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62

The difference between whole milk (or any milk, really) and half-and-half is one of fat content, not overall concentration. Half-and-half gets its name from being a 50/50 blend of milk and cream, which normally separate because the less dense fats concentrated in cream float naturally to the top of the mostly-water milk. However, milk also contains a number ...


34

There is no single, universal technique for making random food "fluffy". And you may have to live with significant changes in the recipe and in the final results if you try it. Classically, you have three types of foams. One is fat-based, the other is protein-based, the third depends on sudden gas production/dissolving. The fat-based foam is only ...


30

Yes, your butter contains water - which is perfectly normal. While oil is 100% fat, butter is only around 80%1 fat plus some protein and ca. 15% water. Regarding your question where the water comes from - If you look at how butter is made, it becomes obvious that the water was there from the beginning: You start with cow's milk, which has a natural fat ...


15

You can explore "culinary foams" or "espumas". There are plenty of resources on this site and the internet. These can be made from many flavor bases, with the addition of ingredients that range from those found in your kitchen (egg whites) to ingredients you might have to purchase (a variety of hydrocholloids). There are many types of ...


14

Whipped cream is whipping cream after it has been whipped. Whipping cream is just cream with at least 30% fat content (that would be called Light Whipping Cream in the US). Heavy Whipping Cream contains at least 36% fat and up to 40% and rarely (in the US) even higher. Until these creams are whipped, they are just liquid. After they are whipped, they're ...


13

You can't really substitute double cream for butter as the fat/water ratio is different - it's basically just too wet. However, guess what they make butter out of - cream! If you 'over whip' cream, the fat separates from the liquid leaving you with fresh butter. Naturally this is easy if you have an electric mixer. If you're doing it by hand, prepare to be ...


12

Pretend milk is Kool-Aid The cream is sugar and the Mr Strawberry is a powder with strawberry taste but no sweet. I am supposed to mix 1 pack Kool-Aid, 1 cup sugar, and 1 gallon water. I mess up and put in 2 cups of sugar. If I dilute down the sugar with a gallon of water I get the sugar ratio correct but now the Kool-Aid ratio is 1/2 what it is ...


11

You're comparing different quantities. A serving of cream (per your label) is a tablespoon. You're comparing that to 1 cup (or 16 tablespoons) of milk. The percentage that you're seeing is not what percentage of your dairy product is fat, but the percentage of the recommended daily amount of that nutrient found in a single serving. % Daily Value is figured ...


11

If you are trying to make chocolate frosting using whipped cream, you need to: Whip the cream first. Melt the chocolate and add some amount of whipped cream to the melted chocolate (mix it by cut and fold method) Add this mixture to the remaining whipped cream and fold it. Don't over-mix it, it would knock out the air from the whipped cream. To make ...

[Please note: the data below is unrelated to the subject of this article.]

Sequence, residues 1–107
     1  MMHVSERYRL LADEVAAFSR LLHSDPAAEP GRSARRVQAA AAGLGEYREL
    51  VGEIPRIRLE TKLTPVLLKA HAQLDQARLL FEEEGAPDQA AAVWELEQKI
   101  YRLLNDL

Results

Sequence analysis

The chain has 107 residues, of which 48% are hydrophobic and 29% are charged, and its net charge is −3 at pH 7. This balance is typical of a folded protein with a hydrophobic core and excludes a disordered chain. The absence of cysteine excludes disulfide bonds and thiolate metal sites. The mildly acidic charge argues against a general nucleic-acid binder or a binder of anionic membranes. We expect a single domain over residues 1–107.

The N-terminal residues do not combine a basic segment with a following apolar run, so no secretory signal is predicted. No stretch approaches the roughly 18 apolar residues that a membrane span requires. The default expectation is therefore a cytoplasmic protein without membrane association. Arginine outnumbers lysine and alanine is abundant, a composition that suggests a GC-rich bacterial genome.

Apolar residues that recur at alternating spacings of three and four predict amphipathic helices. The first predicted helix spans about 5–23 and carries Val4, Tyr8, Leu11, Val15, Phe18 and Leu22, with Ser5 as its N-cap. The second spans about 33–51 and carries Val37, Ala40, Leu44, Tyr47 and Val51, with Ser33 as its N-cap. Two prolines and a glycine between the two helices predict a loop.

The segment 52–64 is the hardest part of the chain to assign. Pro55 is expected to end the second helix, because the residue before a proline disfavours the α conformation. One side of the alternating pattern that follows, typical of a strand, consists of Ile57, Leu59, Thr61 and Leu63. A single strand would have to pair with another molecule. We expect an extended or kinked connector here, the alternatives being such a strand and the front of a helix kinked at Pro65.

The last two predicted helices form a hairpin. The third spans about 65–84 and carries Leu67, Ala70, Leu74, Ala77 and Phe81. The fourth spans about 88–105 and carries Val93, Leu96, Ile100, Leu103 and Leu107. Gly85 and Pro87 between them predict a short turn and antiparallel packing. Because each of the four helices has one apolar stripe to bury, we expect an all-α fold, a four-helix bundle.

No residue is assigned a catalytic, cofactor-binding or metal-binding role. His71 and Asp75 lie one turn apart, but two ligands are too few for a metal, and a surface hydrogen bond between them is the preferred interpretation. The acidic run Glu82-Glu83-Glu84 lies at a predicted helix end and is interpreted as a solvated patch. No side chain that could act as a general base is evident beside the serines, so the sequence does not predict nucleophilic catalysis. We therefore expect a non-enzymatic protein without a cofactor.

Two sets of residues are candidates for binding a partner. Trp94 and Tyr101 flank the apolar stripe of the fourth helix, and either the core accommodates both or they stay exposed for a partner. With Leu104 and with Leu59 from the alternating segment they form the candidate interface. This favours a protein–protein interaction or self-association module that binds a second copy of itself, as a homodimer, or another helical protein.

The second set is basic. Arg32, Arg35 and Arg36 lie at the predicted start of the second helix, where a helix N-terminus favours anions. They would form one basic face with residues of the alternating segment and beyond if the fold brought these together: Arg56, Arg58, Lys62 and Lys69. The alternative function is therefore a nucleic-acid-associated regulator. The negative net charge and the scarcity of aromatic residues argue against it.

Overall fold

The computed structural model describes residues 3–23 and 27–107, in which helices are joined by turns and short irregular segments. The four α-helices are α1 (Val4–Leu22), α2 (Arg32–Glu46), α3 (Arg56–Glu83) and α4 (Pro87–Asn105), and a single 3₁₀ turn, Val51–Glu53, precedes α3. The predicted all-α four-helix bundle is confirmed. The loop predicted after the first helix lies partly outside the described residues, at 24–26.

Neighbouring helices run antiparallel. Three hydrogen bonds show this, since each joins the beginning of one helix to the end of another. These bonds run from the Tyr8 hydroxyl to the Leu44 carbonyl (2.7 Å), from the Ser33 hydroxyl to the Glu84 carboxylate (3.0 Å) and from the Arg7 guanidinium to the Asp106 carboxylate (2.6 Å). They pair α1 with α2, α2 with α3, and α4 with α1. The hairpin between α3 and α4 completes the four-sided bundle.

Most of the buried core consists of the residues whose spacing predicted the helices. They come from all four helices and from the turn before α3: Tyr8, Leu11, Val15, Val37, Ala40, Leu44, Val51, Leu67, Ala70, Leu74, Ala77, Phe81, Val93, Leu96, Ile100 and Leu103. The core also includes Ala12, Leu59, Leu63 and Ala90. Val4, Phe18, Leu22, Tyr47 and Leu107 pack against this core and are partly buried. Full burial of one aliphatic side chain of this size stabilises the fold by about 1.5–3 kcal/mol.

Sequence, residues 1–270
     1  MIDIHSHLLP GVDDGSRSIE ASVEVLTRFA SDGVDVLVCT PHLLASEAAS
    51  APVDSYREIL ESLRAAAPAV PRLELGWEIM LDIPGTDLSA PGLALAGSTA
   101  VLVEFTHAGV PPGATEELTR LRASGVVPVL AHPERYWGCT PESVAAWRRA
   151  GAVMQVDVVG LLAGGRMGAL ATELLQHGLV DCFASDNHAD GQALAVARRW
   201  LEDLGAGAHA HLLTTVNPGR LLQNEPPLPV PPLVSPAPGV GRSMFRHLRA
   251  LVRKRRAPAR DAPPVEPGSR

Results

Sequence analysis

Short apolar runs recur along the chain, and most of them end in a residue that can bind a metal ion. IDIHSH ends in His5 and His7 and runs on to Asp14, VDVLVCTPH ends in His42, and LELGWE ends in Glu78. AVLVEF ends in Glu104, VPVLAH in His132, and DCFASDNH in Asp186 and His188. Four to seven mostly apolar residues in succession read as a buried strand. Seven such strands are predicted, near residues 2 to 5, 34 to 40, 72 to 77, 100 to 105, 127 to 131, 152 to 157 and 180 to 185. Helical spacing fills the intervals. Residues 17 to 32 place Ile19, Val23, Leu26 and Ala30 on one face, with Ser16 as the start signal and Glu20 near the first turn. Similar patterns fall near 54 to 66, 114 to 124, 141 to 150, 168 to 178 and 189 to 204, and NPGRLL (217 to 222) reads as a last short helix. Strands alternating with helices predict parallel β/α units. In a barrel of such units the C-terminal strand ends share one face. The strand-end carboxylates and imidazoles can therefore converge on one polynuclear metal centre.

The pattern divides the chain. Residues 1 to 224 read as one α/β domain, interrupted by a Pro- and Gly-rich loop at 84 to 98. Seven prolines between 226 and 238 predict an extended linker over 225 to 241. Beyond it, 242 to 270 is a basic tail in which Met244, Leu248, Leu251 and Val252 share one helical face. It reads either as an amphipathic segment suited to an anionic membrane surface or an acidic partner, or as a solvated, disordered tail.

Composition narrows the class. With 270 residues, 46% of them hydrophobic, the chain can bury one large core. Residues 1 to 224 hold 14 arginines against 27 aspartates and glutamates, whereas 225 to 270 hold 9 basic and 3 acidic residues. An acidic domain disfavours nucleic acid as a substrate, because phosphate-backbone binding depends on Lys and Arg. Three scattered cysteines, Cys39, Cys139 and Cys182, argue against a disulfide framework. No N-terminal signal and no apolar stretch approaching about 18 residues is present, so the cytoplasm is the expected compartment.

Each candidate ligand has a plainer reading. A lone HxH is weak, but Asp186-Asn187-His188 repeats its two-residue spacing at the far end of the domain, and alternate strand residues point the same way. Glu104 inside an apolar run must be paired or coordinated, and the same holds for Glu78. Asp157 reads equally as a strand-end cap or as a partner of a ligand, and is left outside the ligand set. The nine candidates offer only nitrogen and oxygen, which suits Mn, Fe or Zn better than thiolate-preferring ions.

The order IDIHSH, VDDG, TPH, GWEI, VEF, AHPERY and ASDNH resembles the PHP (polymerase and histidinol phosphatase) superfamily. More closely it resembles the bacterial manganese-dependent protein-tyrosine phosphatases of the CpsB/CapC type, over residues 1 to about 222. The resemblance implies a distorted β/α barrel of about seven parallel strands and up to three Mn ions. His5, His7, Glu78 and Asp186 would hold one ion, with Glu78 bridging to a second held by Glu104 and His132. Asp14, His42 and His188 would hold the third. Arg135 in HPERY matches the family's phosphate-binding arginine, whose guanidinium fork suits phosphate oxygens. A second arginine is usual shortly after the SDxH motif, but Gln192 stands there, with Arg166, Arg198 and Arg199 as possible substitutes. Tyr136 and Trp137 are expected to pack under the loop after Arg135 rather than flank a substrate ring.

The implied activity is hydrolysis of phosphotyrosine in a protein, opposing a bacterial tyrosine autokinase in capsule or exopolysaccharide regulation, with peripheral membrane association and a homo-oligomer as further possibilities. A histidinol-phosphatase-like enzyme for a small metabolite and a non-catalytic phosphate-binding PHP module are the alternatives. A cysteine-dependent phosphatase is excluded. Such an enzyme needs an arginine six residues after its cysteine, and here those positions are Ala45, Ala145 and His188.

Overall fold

10

I would suggest making a Mornay sauce (Béchamel sauce with cheese) which you should find will hold together well and provide an unctuous, rich, spreadable texture. Simply melt butter in a saucepan over a medium-low heat, whisk in an equal quantity of flour, cook it out a little, then add cold milk, whisking all the while, until you get a smooth sauce like ...


10

Commercial butter has about 80% fat, 15% water and 5% solids. Depending on where you are located double cream has 48% fat (UK), 40% (Canada) and the remaining fraction is obviously water and little solids. Supposed, you need 100g butter in your receipe. This means that the dough will have 80g fat and 15g water (for a simple calculation I omit the content ...


9

Ice cream depends critically on the fat in the dairy to form the structure and mouth feel. Ice cream mixes there fore are typically fairly high in dairy fat. You have substituted a comparatively low fat mock cream. which simply does not have the fat necessary to create the body of the ice cream. In fact, the so-called homemade cream recipe is just ...


9

You need to make processed cheese, aka American cheese, out of it. Parmesan is harder to use in such an application than other cheeses, because it is drier. I would suggest starting with other cheeses until you have mastered the process. The basic process is to make a paste-like substance out of your cheese and some condensed milk in the food processor. ...


9

It's difficult to say what exactly happened to your cream so it got lumpy, but it's quite possible that it's overbeaten. When making chocolate whipped cream you should make sure to chill the mixture thoroughly. I always let mine stay in the fridge over night. This of course only works if you mix enough cream with the chocolate, otherwise it gets too hard ...


8